Shona peoples

Not on view

The use of headrests in southern Africa has been traced back to the twelfth-century archaeological site of Mapungubwe, an urban center along the Limpopo River. There, evidence of gold sheeting believed to have adorned a long-disintegrated wood headrest has been recovered.

The designs of such works, created to protect elaborate coiffures, reflect a range of regional styles. Tsonga sculptors have been credited with the most varied formal solutions to the support element.

In Zulu society, women commissioned male carvers to produce a headrest for the bride and groom as part of the dowry. Among the Shona, headrests were exclusively carved and used by men. Since they also functioned as vehicles of communication with the ancestral realm, headrests and other personal articles were frequently buried with their owners, evidencing the intimate connection between the object and its owner. In other cases, they were passed along to male descendants.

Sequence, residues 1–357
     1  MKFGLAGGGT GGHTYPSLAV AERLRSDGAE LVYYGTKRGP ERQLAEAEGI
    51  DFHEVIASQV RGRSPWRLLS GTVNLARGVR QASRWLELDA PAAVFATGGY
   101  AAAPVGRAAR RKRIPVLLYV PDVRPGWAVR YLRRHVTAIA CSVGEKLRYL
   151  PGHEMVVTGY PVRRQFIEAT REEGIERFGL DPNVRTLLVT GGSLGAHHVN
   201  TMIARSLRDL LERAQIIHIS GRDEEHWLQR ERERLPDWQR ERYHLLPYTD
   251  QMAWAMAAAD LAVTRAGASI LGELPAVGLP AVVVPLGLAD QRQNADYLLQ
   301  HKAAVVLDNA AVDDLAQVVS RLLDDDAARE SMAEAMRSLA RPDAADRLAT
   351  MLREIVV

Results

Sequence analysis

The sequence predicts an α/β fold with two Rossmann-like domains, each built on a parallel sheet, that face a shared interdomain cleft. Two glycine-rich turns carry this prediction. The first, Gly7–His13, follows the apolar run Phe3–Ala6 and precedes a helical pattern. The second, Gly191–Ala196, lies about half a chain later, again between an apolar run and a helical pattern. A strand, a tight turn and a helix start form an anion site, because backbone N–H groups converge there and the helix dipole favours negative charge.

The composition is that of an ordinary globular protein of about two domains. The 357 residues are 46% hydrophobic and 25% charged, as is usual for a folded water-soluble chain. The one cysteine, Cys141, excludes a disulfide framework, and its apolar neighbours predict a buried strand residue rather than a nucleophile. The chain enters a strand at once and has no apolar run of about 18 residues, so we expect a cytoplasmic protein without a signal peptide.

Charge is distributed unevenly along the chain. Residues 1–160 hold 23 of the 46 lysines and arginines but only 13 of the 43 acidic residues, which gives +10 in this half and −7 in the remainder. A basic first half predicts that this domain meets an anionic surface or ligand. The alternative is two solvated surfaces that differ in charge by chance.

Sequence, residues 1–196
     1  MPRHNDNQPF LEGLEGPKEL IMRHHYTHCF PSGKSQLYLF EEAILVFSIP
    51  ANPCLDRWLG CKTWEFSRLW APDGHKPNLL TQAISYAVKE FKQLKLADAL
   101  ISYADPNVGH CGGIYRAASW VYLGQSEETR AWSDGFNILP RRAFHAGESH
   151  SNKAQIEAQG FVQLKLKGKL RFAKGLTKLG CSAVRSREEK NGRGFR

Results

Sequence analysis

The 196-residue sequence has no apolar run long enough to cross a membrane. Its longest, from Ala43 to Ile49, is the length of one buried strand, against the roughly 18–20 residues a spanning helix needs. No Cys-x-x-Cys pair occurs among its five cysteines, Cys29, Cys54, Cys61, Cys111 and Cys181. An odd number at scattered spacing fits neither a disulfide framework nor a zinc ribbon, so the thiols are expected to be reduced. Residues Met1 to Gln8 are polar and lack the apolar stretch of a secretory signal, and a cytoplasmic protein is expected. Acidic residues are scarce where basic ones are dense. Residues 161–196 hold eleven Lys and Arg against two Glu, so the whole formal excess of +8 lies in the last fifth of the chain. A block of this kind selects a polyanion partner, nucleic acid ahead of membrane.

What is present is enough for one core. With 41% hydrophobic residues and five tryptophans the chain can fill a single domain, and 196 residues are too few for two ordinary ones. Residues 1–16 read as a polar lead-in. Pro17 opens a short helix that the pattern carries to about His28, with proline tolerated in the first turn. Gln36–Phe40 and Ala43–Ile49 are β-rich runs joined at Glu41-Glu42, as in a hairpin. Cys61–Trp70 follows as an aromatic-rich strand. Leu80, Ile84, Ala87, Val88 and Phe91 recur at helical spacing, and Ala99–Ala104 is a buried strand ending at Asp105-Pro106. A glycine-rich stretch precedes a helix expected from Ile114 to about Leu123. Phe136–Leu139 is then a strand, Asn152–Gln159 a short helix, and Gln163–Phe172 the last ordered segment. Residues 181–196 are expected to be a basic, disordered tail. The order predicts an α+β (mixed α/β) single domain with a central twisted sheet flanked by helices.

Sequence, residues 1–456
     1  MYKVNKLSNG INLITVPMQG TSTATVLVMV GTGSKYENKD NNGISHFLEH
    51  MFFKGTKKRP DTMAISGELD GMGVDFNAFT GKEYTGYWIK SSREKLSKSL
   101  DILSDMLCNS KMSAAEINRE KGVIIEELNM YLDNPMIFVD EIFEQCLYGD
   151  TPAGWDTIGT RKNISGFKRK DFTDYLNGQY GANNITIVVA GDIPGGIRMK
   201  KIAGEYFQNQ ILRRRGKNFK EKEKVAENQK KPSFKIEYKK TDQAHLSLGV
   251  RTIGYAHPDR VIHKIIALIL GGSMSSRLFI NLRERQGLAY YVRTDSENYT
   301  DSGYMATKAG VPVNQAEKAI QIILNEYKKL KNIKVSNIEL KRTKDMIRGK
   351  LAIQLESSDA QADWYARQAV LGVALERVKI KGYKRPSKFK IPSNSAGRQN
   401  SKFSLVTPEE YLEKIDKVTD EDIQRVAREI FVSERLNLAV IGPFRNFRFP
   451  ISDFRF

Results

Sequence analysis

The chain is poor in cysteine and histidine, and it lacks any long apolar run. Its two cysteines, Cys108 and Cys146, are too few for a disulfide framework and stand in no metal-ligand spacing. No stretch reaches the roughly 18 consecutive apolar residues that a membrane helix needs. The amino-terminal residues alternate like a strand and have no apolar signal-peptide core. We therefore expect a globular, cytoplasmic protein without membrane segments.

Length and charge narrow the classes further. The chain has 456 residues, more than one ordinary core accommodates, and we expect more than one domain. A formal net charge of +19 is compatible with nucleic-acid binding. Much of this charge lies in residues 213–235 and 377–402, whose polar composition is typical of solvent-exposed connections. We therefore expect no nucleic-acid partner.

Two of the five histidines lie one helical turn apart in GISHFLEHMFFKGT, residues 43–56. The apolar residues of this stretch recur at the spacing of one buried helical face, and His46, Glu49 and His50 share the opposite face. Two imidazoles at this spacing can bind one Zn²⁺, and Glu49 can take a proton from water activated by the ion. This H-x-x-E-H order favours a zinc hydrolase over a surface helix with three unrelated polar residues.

Headrest, Wood, Shona peoples

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